PALM BEACH, Fla. – Sen. Ted Cruz of Texas predicts that he’s “going to face a very serious race” as he runs for re-election next year.
Cruz made his comments Friday as he addressed dozens of major Republican contributors gathered at a donor retreat hosted by the politically influential, fiscally conservative group Club for Growth.
Former Vice President Mike Pence and New Hampshire Gov. Chris Sununu, who are seriously considering bids for the 2024 Republican presidential nomination, also spoke to donors at the gathering at an exclusive beachfront resort in this upper crust seaside community.
“Some people say money doesn’t matter in politics. Really, they’ve never run a race,” Cruz said to laughter from the crowd as he pointed back to his hard-fought razor-thin Senate re-election victory over then-Democratic Rep. Beto O’Rourke. “We were out raised and outspent three to one.”
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Cruz, in his speech and in an ensuing interview with Fox News Digital, argued that “after [former President] Donald Trump there is no Republican in the country that Democrats hate more than me,” adding that’s “something I wear as a badge of honor. There is no Republican that they would like to beat more than me.”
And pointing to his 2024 re-election campaign, he predicted that “this is going to be, I believe, a $100 million race… I guarantee you there are a dozen Democrat gazillionaires who are looking back at 2018 and saying ‘we came two points away from beating that S-O-B. And next time I’m writing another million-dollar check.’”
Speaking to the donors, he said “that’s why I’m talking to you. .. I need your help once again… they’re going to come after us with everything they have.”
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While no major Texas Democrat has yet to jump into the Senate race, the senator forecast that “they’re going to run a serious candidate, but it would be beneficial to put a bunch of money in the bank fast, to discourage the more serious opponents from getting in. This is a race where early money has a potential to save the need to spend a ton of money later in the cycle.”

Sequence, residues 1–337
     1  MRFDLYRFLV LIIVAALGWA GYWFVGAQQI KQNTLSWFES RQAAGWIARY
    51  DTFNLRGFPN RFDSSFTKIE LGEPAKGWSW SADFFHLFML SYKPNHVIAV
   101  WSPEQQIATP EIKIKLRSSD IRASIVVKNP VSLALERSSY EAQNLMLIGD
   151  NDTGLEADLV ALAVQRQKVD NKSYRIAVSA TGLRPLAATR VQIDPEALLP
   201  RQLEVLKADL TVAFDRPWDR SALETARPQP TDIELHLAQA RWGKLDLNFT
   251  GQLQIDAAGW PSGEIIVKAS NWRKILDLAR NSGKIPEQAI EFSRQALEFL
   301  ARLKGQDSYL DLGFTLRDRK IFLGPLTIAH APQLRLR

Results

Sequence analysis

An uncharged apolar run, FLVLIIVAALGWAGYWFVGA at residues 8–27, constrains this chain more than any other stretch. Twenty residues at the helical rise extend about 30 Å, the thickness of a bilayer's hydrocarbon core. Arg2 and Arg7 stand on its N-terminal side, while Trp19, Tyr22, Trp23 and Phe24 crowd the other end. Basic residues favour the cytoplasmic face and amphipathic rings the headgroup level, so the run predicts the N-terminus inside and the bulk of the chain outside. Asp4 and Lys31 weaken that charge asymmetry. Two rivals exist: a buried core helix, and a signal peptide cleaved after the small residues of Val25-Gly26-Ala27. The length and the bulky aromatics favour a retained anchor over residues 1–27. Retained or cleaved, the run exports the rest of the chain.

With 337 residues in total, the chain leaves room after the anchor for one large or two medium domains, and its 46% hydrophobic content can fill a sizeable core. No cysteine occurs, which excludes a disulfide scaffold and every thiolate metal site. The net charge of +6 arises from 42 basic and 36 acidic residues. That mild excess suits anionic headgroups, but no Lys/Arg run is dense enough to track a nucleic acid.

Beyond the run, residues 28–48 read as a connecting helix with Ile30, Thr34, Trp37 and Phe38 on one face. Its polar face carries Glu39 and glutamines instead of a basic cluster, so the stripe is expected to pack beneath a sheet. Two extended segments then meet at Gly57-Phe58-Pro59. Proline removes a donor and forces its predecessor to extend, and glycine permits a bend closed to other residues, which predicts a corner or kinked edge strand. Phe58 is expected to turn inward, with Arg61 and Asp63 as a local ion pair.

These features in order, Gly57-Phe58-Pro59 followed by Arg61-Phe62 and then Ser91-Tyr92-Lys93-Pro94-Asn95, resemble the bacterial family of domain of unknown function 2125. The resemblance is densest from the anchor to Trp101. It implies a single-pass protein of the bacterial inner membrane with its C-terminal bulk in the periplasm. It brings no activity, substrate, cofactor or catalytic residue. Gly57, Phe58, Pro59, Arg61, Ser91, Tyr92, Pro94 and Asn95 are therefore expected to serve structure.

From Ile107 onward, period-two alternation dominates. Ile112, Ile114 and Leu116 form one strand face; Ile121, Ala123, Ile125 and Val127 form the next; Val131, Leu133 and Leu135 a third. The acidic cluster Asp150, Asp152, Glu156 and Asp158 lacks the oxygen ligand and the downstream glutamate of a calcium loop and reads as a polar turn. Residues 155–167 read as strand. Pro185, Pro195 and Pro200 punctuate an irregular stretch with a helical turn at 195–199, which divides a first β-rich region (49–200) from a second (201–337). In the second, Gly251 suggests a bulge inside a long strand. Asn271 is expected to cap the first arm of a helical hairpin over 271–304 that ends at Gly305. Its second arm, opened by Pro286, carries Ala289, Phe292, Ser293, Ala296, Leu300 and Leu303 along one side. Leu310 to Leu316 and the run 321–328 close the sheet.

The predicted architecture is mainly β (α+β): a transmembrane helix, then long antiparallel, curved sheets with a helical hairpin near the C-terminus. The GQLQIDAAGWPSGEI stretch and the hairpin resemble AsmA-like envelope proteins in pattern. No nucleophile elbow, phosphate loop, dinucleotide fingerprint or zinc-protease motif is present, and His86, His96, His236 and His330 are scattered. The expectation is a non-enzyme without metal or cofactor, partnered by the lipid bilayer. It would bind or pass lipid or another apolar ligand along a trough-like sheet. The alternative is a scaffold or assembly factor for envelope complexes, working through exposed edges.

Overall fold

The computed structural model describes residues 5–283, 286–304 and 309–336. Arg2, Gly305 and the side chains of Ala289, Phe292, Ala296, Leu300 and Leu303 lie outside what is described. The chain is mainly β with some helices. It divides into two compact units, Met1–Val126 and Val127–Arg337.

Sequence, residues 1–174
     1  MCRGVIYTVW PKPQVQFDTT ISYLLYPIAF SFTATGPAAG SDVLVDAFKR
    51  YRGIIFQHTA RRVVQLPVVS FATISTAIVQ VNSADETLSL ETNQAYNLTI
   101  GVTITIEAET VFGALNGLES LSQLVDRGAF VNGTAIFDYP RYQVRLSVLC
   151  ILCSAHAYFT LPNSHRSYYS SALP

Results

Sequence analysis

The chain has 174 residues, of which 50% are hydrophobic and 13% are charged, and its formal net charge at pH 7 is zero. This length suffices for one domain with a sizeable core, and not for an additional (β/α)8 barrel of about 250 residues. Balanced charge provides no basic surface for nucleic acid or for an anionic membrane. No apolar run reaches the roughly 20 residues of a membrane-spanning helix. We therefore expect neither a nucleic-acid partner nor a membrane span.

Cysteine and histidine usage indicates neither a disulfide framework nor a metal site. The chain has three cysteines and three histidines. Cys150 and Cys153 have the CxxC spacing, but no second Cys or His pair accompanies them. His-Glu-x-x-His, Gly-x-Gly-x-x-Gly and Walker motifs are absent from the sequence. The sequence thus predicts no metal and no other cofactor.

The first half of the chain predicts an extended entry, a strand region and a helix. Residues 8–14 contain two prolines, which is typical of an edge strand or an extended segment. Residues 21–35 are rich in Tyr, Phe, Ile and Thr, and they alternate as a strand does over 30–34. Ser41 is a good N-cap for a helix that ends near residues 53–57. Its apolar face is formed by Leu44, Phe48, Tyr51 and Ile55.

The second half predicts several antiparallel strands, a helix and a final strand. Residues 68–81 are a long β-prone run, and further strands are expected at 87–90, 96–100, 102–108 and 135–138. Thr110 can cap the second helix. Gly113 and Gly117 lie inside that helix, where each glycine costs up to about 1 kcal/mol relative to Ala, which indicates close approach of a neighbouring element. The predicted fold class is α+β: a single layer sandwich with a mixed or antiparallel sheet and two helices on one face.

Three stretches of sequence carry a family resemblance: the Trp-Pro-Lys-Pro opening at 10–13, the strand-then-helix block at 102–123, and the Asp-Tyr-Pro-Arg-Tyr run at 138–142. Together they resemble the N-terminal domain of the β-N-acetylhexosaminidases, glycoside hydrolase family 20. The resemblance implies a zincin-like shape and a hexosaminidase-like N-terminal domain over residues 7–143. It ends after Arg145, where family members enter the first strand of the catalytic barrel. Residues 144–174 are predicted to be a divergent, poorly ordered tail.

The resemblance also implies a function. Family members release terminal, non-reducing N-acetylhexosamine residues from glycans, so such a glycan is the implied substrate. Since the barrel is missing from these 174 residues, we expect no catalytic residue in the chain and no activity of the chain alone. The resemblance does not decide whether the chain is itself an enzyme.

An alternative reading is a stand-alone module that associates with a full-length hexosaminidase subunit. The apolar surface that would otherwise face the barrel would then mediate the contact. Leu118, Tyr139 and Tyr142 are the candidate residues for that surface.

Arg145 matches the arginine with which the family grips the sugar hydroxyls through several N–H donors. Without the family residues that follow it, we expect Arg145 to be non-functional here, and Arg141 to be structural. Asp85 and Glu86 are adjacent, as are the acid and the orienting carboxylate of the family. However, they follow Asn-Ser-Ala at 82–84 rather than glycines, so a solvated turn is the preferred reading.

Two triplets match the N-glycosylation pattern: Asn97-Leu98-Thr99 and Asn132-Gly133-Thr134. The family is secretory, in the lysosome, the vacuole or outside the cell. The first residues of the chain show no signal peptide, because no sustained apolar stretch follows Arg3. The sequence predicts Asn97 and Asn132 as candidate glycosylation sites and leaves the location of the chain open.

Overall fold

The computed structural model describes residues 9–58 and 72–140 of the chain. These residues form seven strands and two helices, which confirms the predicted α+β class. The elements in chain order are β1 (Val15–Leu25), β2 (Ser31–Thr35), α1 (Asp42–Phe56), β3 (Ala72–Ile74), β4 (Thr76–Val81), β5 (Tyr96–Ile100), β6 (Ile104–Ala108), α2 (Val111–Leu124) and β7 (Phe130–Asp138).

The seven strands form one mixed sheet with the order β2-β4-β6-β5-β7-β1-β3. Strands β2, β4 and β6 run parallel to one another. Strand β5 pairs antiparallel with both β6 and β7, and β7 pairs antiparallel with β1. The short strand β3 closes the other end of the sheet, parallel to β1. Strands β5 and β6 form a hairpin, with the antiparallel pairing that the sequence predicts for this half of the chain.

Cruz warned that if the Democrats “turn Texas blue, the country’s lost. You can’t win the presidential with a blue Texas… a blue Texas means the Democrats and the socialists control the country in lockstep. We can’t let that happen.”
And he predicted “this is going to be a firefight but we’re going to win.”
Cruz was runner-up to Trump in the wide open and combustible 2016 Republican presidential nomination race. But this time around he’s staying on the sidelines of the White House race as he seeks a third term in the Senate.
Asked if he’ll stay take sides and back a candidate in the GOP presidential primaries, Cruz told Fox News “they’ll be plenty of time for that. I suspect we’ll have several more people get in the race and I’m confident it will be wild and wooly. I suspect they’ll be some insults, some nicknames.”
Former Vice President Mike Pence, who’s seriously mulling a White House run, also addressed the donors on Friday.
“Republicans and conservatives cannot abandon our commitment to fiscal responsibility and reform and that includes commonsense reforms to Social Security and Medicare,” Pence emphasized to crowd.
Pointing to nation’s exploding national debt and to the recent birth of two granddaughters, the former vice president stressed that “I can’t walk by the debt crisis our nation’s facing and neither can you.”
And he warned that “if we kick the can down the road…if we wait 25 years to deal with this issue, until this mountain of debt becomes a mountain range of debt, all of our choices will be bad. We can reform Social Security today in ways that don’t touch current retirees or anyone who will retire in the next 20 years.”
If Pence launches as White House campaign, as many pundits expect, he’d join a field that already includes his one-time boss – Trump.
The former vice president touted Trump-Pence administration accomplishments but reiterated that when it comes to his former running mate, “different times call for different leadership … I know the Republican voters across the country are going to choose the right leader at the right time and we’re going to win the day in 2024.”
New Hampshire Gov. Chris Sununu, who’s become a vocal Trump critic in recent years, called the former president “the orange haired elephant in the room.”
He noted that “I supported Trump in ‘16 , I supported him in ’20. I think he did some very good stuff. But thank you very much, we’re moving on. Unfortunately, there’s a lot of independents that were with us and just stepped to the side and said no, ‘if that’s your flag bearer, I’m not going to be there.’.. I think most folks agree, we’ve got to move on if you want to win in ’24.”
Sununu argued that when it comes to the 2024 general election, “there’s no avenue for him [Trump] to win.”
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New Hampshire’s popular GOP governor stressed that Republicans need to “be inspirational in terms of our leadership. Let’s be aspirational. Let’s make we are the team folks want to join and that we’re leading with that type of message.”
And he criticized the GOP, charging that “our messaging is frankly so bad at times, we step all over ourselves….We let the Democrats define us.”